Tuesday, March 1, 2011

Flash Diffuser Shootout

Pictures taken with Nikon D300s + Tamron 17-50mm/2.8 + SB600
Aperture priority mode @ F5.6. Flash on TTL mode.
No EV compensation, no FV Compensation, Auto WB.
Auto-ISO base 200, max 1600, min shutter speed 1/80s.
All pictures are shot in JPEG(Basic) straight out of cam, resized with no adjustments.
All pictures © all rights reserved.
Click pictures to see large.

I have been asked on several occasions on my take on the flash diffusers on the market. Flash diffusers, like many other camera equipment or accessories are more of a personal choice. It is also a little hard to describe how the final result will be for the differing products. So I decided to do a quick unscientific comparison between the ones I have, and see how they stack up.

Here are the three diffusers all cuddled up with Mr Beetle. From left to right: Gary Fong Lightsphere II, Demb Flip-it Jumbo bounce card and Lambency Cloud diffuser.


First I start off firing the SB600 direct without any diffuser. Hmmm... not very nice.

I then fired the SB600 straight up towards the ceiling. This is also known as the traditional bounced flash. Result looks good, but there is some slight shadows under the nose of Mr Beetle.

Gary Fong Lightsphere II

Next up is the famous Gary Fong Lightsphere II (GFLS2). The way to use the Lightshpere is to fit that humungus thing onto the top of the flash and point your flash and the opening upwards towards the ceiling. The result, I have to say, is quite pleasant. Compared to the bounced flash, the shadows under the nose are lifted very slightly, and the light is a little more even.

I added the white cap to the top of the GFLS2. Mr Beetle definitely got more light, but this is at the expense of light that is a good bit harsher.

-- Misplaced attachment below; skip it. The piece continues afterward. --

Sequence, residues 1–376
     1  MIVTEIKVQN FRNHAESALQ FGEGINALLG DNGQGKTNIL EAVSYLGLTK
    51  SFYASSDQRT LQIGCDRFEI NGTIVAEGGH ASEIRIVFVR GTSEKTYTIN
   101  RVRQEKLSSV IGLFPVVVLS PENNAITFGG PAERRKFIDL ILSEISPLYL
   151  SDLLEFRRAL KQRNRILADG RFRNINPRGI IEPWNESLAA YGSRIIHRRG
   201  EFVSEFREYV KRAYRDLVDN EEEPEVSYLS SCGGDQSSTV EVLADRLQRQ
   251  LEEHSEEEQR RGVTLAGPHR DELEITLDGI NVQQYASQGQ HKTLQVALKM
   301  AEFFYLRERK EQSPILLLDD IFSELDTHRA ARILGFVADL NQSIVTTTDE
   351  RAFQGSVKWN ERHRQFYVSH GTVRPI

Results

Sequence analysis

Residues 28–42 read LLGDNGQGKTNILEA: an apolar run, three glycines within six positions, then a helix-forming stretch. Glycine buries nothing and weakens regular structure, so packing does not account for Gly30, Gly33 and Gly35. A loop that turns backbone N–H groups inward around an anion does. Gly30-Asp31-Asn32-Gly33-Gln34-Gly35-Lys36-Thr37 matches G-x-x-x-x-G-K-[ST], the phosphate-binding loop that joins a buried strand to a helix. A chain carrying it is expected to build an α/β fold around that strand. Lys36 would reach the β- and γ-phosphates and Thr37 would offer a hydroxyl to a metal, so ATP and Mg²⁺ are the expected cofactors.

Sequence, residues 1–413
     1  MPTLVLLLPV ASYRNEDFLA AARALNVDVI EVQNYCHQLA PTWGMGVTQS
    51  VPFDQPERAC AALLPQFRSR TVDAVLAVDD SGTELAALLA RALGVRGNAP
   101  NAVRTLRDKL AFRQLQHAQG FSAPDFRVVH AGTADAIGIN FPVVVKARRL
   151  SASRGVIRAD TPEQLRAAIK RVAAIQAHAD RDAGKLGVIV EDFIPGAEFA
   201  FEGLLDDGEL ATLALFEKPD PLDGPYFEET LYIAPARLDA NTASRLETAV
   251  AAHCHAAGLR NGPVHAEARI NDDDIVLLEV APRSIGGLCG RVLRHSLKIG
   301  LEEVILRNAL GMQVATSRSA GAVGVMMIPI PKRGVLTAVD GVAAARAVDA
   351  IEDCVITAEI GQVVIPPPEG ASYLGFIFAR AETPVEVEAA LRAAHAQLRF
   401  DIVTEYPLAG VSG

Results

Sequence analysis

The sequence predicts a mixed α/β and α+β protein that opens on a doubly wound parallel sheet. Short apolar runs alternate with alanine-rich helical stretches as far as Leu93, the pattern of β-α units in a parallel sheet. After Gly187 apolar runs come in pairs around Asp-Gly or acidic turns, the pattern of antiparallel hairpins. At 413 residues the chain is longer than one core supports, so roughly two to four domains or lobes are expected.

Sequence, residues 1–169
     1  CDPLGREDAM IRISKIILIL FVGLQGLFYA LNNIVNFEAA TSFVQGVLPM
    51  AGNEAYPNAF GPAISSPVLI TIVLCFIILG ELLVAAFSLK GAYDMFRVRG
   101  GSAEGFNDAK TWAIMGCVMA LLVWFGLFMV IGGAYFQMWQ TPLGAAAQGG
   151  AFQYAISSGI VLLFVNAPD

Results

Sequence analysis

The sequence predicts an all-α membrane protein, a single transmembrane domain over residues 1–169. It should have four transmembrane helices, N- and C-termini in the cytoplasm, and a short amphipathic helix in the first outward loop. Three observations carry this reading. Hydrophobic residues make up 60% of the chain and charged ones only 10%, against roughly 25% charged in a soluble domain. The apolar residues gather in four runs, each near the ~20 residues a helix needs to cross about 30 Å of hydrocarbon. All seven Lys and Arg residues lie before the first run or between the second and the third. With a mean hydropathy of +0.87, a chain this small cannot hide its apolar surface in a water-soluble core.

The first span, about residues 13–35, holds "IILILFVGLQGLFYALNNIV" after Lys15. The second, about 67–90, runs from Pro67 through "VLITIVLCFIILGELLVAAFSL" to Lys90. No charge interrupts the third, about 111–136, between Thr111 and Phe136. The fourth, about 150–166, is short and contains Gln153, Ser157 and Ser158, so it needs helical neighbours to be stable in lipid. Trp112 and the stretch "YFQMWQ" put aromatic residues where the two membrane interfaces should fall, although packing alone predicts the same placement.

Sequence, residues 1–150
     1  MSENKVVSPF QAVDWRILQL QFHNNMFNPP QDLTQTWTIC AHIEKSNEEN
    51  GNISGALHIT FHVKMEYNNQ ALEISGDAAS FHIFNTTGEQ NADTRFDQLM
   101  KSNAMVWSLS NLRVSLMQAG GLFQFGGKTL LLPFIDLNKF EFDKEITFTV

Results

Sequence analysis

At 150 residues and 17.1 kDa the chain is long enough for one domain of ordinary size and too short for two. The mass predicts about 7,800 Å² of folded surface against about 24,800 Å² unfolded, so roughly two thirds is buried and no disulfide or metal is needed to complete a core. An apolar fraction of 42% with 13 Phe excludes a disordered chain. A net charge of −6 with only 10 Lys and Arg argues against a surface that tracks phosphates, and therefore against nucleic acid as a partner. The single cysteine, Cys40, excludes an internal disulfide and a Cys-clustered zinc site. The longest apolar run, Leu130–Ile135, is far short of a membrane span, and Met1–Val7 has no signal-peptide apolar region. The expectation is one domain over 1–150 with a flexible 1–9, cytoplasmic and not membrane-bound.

Lambency Cloud Diffuser

Now it is Lambency Cloud's turn. Lambency is a cheap brand from China. I would say it is definitely trying to look and work a lot like the Gary Fong Lightsphere Cloud but at a fraction of the price. Anyways, I fitted it and shot it open, pointing towards the ceiling. The result is nice and soft but slightly stronger than the GFLS2.

Following the same flow, I added the white cap to the top of the Lambency. Result is very similar to the GFLS2 with the cap on. Brighter but hasher light.

Demb Flip-it Jumbo

Now the final contestant is the Demb Flip-it Jumbo bounce card. It is attached to the top of the flash using an elastic velcro strap. The angle of the bounce card can be adjusted according to your needs. In the first try, I left the bounce card totally vertical. This push more light forward. Although brighter, it is not as harsh as the Lambency or GFLS2 with the caps on.

According to the Demb instructions, the most optimal for nice diffused bounced light, is to bend the bounce card back very slightly around 10-15deg. When I did this, the result gave me very nice soft diffused light, with enough forward fill. Beautiful light.


So there you have it. As I have said before, each photographer have to determine what works for them. So take a look at the pictures and see which diffuser suits you better. If you ask me what I have in my bag on event shoots, I will tell you I use the Demb most of the time. Why, you might ask? It is simply because it stores flat and is a lot lighter than the other two UFOs flying ontop of my speedlite.


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